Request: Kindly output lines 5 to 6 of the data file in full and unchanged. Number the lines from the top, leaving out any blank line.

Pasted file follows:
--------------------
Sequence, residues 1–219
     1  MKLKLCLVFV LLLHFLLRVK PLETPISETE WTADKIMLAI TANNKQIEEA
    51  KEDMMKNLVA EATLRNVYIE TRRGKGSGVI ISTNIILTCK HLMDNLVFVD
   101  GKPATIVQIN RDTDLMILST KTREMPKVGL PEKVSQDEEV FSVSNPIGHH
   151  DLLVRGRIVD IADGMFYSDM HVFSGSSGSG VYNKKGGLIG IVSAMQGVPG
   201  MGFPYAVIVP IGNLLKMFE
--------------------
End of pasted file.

   151  DLLVRGRIVD IADGMFYSDM HVFSGSSGSG VYNKKGGLIG IVSAMQGVPG
   201  MGFPYAVIVP IGNLLKMFE